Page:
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Episode 159: Winston Hodges

American Rambler with Colin Woodward

Release Date: 12/13/2019

Episode 171: The Job Market for Ph.D.s, Part II show art Episode 171: The Job Market for Ph.D.s, Part II

American Rambler with Colin Woodward

This is part two of Colin's talk with Dr. Brent J. Steele of the University of Utah about the academic job market. Colin and Brent start out by walking us through the interview process, including the infamous Dinner, in which a candidate talks with the committee and tries not to order too many drinks and say something stupid. From there, they get into interview nightmares, which range from problems with technology to rude dinner and lunch companions, to phone calls from long-forgotten committee people.  In the intro, Colin provides a Coronavirus update and debates whether anything we now...

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Episode 170: The Job Market for Ph.D.s show art Episode 170: The Job Market for Ph.D.s

American Rambler with Colin Woodward

Dr. Brent J. Steele, head of the Political Science Department at the University of Utah (and loyal friend of the podcast) returns to American Rambler to talk about the (challenging? woeful?) state of the job market for Ph.D.s. Unfortunately the Coronavirus is only going to make harder an already daunting job search process. Is there hope for those wanting to land a tenure track position or just a good, stable job at some kind of research institution?  2020 may suck so far, but times have always been hard for scholars. And in Part I of this discussion, Brent and Colin talk about the many...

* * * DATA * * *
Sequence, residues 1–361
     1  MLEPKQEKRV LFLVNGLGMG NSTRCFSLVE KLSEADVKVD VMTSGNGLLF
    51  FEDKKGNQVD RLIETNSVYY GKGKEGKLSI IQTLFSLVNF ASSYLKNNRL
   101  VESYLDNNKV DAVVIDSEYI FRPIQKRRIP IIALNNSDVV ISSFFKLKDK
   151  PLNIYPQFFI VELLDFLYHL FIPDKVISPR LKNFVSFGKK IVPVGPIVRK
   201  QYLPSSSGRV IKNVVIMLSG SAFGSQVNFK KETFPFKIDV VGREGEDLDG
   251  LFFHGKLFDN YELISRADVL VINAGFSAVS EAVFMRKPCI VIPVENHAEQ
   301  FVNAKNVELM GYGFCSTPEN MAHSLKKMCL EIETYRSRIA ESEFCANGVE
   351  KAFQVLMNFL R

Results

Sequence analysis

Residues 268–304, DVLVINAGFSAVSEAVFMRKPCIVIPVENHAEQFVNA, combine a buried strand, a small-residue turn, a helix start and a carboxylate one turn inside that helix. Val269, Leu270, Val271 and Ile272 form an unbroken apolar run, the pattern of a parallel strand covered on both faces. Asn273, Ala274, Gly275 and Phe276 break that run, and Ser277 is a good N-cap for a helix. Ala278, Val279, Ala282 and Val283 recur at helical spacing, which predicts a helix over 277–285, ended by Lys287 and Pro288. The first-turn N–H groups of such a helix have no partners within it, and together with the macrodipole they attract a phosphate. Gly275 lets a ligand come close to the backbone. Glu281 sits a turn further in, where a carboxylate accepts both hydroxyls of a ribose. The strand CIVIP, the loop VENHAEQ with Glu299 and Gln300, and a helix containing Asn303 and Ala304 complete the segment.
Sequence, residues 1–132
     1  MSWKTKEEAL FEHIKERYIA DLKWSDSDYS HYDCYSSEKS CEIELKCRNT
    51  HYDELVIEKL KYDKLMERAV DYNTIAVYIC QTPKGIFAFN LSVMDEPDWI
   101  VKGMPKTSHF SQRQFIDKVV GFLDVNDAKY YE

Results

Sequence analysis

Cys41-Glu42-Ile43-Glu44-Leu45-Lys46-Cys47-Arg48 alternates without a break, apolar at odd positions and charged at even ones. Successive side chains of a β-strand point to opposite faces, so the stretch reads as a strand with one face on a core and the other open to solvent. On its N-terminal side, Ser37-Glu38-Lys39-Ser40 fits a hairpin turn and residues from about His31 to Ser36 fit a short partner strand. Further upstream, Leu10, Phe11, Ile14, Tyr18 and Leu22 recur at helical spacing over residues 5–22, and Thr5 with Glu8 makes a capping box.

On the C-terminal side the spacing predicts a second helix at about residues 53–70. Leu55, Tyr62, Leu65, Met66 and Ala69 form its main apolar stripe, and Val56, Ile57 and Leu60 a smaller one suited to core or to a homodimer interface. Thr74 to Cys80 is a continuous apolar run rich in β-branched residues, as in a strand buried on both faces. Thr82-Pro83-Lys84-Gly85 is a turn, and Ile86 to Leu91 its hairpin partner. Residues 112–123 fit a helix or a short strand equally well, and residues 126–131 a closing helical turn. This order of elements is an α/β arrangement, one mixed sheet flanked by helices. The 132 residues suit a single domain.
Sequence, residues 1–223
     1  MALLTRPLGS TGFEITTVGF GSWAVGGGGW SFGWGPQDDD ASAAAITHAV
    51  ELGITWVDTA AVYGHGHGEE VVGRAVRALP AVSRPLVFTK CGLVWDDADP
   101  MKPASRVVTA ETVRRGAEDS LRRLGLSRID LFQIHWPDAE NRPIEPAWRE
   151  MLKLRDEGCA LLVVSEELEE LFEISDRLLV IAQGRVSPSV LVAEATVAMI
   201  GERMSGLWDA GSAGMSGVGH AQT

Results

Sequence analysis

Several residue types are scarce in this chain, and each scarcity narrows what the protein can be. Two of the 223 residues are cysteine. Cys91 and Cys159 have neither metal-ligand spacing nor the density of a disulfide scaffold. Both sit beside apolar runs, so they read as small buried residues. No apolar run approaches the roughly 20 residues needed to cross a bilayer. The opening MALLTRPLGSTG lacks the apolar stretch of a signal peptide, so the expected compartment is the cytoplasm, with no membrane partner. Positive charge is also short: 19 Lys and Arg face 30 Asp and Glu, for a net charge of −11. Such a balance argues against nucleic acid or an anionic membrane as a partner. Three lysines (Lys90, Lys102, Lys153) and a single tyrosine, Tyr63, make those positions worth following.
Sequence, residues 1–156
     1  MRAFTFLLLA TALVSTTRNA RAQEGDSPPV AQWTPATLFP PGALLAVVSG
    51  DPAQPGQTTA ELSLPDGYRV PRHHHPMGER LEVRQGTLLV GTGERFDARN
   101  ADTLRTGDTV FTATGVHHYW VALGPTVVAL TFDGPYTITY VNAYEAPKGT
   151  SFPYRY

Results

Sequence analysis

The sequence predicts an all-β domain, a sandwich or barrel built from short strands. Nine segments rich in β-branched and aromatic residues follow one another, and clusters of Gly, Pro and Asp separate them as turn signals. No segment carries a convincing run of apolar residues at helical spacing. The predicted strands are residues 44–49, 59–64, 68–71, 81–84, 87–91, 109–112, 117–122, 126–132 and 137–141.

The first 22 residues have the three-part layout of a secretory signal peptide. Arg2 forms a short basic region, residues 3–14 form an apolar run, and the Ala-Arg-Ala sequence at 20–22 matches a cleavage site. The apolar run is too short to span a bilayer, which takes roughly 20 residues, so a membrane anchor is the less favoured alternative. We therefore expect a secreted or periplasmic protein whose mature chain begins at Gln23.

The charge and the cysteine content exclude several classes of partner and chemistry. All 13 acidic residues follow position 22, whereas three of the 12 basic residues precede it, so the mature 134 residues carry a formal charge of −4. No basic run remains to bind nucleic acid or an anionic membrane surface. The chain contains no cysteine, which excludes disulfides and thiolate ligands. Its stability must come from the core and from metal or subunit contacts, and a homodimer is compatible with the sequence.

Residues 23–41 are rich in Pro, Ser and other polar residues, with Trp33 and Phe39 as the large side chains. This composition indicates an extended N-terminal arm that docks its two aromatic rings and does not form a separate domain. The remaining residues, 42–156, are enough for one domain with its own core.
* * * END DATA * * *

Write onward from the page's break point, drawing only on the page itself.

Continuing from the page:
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Episode 169: Megan Kate Nelson show art Episode 169: Megan Kate Nelson

American Rambler with Colin Woodward

A fascination with Game of Thrones inspired Megan Kate Nelson's new book, The Three-Cornered War, which examines the role of the Union, Confederacy and Native Americans in the southwestern theatre of the Civil War. It's Megan's third book. Now that she is writing full time, she shows no signs of slowing down. Megan is a native of the West herself, and to write The Three-Cornered War, she traveled to the places she describes in her book. She lives in Massachusetts, but she is still fascinated by the West she grew up in. She is already working on her fourth book, on the history of Yellowstone,...

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Episode 168: Bonnie Montgomery show art Episode 168: Bonnie Montgomery

American Rambler with Colin Woodward